It was less than three weeks ago when we were recalling the 70th anniversary of D-Day in WWII. It is humbling to consider that we are now 100 years removed from the tumultuous events of a bygone era.

Sometimes it is good to pause and reflect on such things.


Friday, June 27, 2014

Inflation Expectations Continue to Firm

I have mentioned in the past that I would keep the readers up to date on the TIPS spread action, especially as it compares to the gold price. I have the data through Thursday of this week ( the Federal Reserve is always a day behind in getting the fresh data) but it does continue to confirm the idea that the broader market is still continuing to see inflationary pressures increasing, albeit at a controlled rate. I believe that this is linked directly to the recently dovish attitudes of three Western Central Bank heads - ECB President Trichet, who got the ball rolling with a reduction in rates in the Eurozone as well as engaging in negative rates for bank reserve deposits, Fed Chair Yellen and BOE Head Carney.

The TIPS spread remains near the highest level in 6 months, a positive key that is keeping gold supported recently. We need to also keep in mind that another of the factors that goes into determining the gold price is also a premium due to the geopolitical factors that might or might not be present. At the current time, the chaotic events in Iraq are undergirding the price of the metal. Lurking around also, although much less of a factor, are events in Ukraine.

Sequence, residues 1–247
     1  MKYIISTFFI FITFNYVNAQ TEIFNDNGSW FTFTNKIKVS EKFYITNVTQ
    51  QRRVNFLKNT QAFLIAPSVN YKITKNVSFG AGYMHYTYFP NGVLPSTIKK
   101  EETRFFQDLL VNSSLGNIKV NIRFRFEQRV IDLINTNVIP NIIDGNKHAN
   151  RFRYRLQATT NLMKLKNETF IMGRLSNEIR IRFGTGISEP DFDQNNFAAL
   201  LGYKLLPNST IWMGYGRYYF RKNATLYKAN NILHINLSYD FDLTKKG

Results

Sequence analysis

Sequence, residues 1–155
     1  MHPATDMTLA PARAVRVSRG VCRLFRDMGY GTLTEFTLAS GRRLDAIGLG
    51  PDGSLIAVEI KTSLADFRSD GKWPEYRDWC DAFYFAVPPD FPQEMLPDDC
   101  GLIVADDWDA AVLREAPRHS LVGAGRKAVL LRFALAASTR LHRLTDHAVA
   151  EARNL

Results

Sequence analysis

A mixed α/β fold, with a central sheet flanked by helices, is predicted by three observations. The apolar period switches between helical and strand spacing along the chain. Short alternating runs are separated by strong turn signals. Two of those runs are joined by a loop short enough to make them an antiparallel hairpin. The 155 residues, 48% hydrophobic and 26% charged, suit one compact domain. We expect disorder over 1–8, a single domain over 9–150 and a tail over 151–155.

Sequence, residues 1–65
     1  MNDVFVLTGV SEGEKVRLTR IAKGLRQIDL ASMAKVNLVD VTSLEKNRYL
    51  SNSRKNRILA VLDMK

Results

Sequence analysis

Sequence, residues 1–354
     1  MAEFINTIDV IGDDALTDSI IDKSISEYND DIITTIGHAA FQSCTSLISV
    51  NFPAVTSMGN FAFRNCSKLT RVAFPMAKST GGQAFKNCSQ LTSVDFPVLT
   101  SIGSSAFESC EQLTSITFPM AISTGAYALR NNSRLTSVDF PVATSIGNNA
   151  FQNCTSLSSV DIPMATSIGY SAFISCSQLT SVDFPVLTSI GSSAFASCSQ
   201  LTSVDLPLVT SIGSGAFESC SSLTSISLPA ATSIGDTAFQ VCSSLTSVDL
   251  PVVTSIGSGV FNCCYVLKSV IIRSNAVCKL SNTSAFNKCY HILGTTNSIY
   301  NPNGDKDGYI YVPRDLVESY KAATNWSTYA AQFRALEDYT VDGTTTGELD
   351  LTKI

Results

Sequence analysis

The point I want to make here is that inflationary expectations might actually be falling at some point as signaled by the TIPS spread, but geopolitical events could be dominating trader/investor sentiment and such concerns could supercede any signal from the TIPS spread. If figuring out which way markets are going to go, or what the sentiment might be at any given time, were as easy as just looking at one input, we would all be living on our own S. Pacific islands.

Here is the chart update through Thursday.

Along this line, here is the current chart of the Goldman Sachs Commodity Index. As of the close of trading this week, the index is up almost 8% on the year.

From a broader perspective, it continues range bound as noted by the shaded rectangular region on the chart.

That brings me to the US Dollar. It too is range bound. Notice that there exist two defined trading ranges on this longer-term weekly chart. The first and large range has been in effect for a year now. It extends up towards 84 on the top and down towards 78.60 on the bottom. Within this range, is a shorter and narrower one which extends towards 81.50 on the top and near 79 on the bottom. The latter range has kept the Dollar confined for the past 8 months or so.